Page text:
There’s a big difference between living with “no evidence of disease” and enjoying remission from cancer, and that is something the Rotriga family tries to convey when they get the chance.
Their son, Hines, has not yet been cured, but his health is much improved today from what it was at times during the child’s four-year-plus battle against Neuroblastoma, a cancer that forms from immature nerve cells located in many areas of the human body. “Bad cookies” is how Hines explains his disease to others, and during his fight he’s looked sick, he’s acted sick, and his exhaustion from countless treatments and constant travel to Morgantown and New York City has been obvious. It is a cancer that most frequently attacks children under the age of 5 and has proven fatal.
But for some time now, he’s been Hines instead.
“For the first time in a long time, yes, we’ve been able to see our son be our little boy again, that rambunctious child who loves to play, have fun, and laugh and laugh,” his mother, Debbie Rotriga, explained. “We know we’re not finished; we know there are more trips, and that’s fine as long as he’s fine; and we’ve been blessed with the greatest family and with the most wonderful community that have supported him.
“The older he gets, the more I believe he understands, but really, being sick is the only life he knows because he was so young when he was diagnosed,” she said. “I think he’s gone through every size of car seat there is for children, too, and he’s spent a lot of time in them over the years because of all of the trips we have had to make.”
The young boy’s story is well known in the Wheeling area, and that is because the community collectively decided to support him and his mother and father, Kevin, after local residents learned of his Stage Four condition. His love for super heroes is widely known, and Hines’ all-time favorite, to date anyway, is Iron Man because, well, “He’s the coolest,” this celebrity child said.
“But you know what? He doesn’t know how many people know him and his story. It’s just normal for him because it’s the only life he knows,” Debbie said. “He thinks it’s normal.
“But now that he’s been doing so much better, he’s been able to go to school, and he loves school, and I think it’s because he just gets to be a kid there,” she continued. “The teacher may know about him, but the other kids in his class don’t know him from the next child because of his age. That will change, I’m sure, over the years, but now he gets mad when school is canceled or he can’t go because of one of his appointments.”
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Hines will be in attendance this Sunday at noon for the fourth annual “Hope for Hines” fundraiser at Quaker Steak & Lube, but this year there is a slight change because the Rotriga family has opted to help two other families from the Upper Ohio Valley who also are battling childhood cancer. That is why this year’s event is billed “Hines & Friends.”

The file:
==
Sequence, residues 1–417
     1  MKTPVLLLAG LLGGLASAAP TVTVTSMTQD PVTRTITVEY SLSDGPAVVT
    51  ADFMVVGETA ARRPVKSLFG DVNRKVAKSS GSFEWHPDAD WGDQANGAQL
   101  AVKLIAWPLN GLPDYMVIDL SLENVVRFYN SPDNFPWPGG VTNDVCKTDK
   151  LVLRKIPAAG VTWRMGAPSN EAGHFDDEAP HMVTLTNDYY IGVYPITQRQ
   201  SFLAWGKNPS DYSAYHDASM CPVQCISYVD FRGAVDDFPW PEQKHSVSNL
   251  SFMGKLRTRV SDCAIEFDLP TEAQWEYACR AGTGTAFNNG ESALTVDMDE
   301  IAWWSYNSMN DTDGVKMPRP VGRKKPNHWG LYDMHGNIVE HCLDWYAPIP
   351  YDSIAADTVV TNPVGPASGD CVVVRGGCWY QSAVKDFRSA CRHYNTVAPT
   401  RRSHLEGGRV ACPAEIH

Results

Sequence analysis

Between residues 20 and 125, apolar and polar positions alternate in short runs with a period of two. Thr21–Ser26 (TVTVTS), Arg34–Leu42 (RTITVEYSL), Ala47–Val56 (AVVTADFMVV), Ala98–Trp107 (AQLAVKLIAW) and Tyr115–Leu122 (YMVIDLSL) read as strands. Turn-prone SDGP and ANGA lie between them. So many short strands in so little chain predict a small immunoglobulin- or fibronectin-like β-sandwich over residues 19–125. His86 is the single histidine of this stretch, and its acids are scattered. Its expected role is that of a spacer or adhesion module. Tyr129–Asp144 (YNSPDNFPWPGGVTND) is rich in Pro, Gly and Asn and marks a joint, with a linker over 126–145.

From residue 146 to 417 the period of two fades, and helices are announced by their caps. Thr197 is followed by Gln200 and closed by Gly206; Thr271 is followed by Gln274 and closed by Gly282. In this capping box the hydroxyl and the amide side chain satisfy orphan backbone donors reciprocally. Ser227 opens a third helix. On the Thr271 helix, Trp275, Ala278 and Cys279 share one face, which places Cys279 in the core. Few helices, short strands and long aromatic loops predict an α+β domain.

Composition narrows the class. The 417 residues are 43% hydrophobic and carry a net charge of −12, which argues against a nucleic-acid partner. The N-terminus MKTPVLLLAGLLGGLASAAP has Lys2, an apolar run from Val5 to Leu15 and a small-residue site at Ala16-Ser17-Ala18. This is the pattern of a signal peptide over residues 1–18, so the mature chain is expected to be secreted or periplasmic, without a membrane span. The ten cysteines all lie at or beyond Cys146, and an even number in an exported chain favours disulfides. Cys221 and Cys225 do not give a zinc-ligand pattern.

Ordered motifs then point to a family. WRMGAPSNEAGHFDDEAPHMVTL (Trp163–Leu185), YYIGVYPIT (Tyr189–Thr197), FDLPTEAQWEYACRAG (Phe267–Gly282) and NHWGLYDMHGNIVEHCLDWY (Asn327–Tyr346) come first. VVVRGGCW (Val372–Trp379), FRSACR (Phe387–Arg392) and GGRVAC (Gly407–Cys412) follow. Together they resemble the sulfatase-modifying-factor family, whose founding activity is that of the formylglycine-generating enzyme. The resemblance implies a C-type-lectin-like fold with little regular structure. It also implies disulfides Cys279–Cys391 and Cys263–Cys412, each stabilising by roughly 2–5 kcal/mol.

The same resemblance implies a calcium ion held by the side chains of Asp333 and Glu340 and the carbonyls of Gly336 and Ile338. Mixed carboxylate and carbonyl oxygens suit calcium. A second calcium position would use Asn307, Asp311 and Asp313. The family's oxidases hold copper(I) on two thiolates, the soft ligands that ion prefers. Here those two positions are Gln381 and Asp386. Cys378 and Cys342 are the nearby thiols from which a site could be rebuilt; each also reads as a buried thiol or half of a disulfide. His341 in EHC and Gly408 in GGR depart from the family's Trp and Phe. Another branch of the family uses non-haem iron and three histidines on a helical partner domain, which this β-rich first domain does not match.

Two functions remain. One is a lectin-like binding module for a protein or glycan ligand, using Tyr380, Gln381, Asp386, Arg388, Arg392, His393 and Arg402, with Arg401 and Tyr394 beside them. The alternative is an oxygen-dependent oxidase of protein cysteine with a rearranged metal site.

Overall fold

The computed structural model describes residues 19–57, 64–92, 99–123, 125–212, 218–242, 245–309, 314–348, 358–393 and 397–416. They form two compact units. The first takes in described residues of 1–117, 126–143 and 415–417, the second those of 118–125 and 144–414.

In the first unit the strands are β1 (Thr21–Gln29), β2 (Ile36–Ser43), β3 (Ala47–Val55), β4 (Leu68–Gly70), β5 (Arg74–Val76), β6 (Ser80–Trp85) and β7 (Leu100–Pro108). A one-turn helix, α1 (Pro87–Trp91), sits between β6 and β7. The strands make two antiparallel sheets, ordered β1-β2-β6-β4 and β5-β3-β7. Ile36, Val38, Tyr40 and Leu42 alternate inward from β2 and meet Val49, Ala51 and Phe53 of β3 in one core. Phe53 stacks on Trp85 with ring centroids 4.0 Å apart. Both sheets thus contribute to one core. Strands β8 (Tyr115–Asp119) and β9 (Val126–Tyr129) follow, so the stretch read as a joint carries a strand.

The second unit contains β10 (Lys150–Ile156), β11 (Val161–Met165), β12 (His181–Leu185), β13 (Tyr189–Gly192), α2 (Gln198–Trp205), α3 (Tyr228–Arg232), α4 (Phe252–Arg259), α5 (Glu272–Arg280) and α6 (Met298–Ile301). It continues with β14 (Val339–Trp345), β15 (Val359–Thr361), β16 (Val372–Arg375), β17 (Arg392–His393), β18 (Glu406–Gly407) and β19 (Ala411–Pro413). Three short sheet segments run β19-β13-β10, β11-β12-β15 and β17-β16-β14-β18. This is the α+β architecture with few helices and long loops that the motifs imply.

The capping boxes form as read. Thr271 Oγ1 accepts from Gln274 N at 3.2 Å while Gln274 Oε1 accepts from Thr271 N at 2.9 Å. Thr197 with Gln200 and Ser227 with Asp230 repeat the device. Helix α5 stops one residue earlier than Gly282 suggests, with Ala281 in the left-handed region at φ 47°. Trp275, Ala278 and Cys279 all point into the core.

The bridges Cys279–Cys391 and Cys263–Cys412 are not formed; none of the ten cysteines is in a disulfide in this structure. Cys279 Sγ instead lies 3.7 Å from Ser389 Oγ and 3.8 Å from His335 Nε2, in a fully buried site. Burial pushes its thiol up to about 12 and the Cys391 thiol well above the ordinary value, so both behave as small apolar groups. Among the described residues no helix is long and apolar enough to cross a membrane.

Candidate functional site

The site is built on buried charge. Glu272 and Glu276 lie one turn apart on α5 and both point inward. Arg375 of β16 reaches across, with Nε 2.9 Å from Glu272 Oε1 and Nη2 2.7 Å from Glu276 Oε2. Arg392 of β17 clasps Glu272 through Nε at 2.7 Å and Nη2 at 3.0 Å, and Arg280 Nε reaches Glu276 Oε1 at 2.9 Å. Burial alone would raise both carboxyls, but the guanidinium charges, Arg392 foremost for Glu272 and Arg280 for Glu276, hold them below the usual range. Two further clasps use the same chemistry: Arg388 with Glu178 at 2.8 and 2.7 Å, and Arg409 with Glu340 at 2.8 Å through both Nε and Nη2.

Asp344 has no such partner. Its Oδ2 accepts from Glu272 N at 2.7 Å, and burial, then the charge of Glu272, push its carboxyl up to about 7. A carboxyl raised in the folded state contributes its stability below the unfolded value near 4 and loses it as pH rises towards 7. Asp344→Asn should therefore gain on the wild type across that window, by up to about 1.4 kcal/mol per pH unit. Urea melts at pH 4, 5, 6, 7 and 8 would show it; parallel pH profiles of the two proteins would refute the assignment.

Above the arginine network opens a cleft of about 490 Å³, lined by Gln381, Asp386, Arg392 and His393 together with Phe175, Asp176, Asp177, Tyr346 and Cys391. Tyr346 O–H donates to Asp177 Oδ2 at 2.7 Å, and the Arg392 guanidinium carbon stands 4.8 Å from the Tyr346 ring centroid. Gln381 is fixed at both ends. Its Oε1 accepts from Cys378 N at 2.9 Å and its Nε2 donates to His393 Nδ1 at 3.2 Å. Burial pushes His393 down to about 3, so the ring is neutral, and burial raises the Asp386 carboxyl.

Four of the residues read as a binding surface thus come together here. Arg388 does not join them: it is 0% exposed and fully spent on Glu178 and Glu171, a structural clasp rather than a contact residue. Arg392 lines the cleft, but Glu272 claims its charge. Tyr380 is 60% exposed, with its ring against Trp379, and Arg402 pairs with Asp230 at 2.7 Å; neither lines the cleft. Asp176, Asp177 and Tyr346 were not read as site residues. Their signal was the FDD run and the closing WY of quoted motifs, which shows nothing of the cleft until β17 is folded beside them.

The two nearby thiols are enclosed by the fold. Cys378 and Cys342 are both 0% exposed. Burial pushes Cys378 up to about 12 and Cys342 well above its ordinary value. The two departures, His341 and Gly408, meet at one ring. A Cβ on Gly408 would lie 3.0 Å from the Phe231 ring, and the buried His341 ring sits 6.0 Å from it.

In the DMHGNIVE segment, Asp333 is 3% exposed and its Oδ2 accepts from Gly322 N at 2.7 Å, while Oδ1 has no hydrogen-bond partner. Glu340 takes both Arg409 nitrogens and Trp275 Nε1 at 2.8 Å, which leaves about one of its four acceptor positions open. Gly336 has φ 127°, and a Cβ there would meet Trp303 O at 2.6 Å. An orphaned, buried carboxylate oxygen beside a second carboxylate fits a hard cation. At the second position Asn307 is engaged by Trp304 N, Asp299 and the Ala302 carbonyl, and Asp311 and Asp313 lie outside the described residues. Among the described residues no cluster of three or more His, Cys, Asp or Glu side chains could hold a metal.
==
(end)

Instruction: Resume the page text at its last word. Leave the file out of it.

“It’s wonderful that Hines is doing so well right now, but we all realize he has to keep fighting this fight,” said Christine Thomas, marketing manager for The Lube at The Highlands. “But that’s also why the Rotriga family has decided to include the other families this year. Blaycen Hubbard and Leo Zambori are the two children who are battling cancer at this time, and their families will benefit from this year’s event.
“We’re going to have over 25 vendors here, as well as the bounce houses, a Chinese Auction, and, of course our face painters will be back this year, too,” Thomas explained. “We will be cooking outside, and everything we raise out there will go directly to the cause of helping these children, and The Lube also will donate a percentage of what is sold inside the restaurant, too.”
Three local bands are scheduled to begin at noon, including “Easy Street,” “Crazy Horse,” and “The Adrian Niles Band.” All of the musicians have agreed to perform free of charge and are set to take the stage for at least 90 minutes each.
“The ‘Hope for Hines’ event will be an annual event here because children battling against cancers in this area is something that’s not going to change,” Thomas said. “And our community is awesome because of the amount of support they offer each year. It’s amazing to me to see how many people come to donate and have a good time and how any people are willing to donate their time. Not only the bands, but the vendors, the people with the bounce house companies, and all of the Lube employees who are outside working the event do so without getting paid at all.
“And I can’t say enough about the Rotriga family. They are amazing people,” she said. “Dave and Laura Rotriga, the owners of Miklas Meat Market and Hines’ uncle and aunt, do so much for the event every single year, and that includes donating a lot of the food that our people make outside near the patio. Their market has been the ‘Hope for Hines’ headquarters from day one, and that’s not going to change as long as that little boy is fighting.”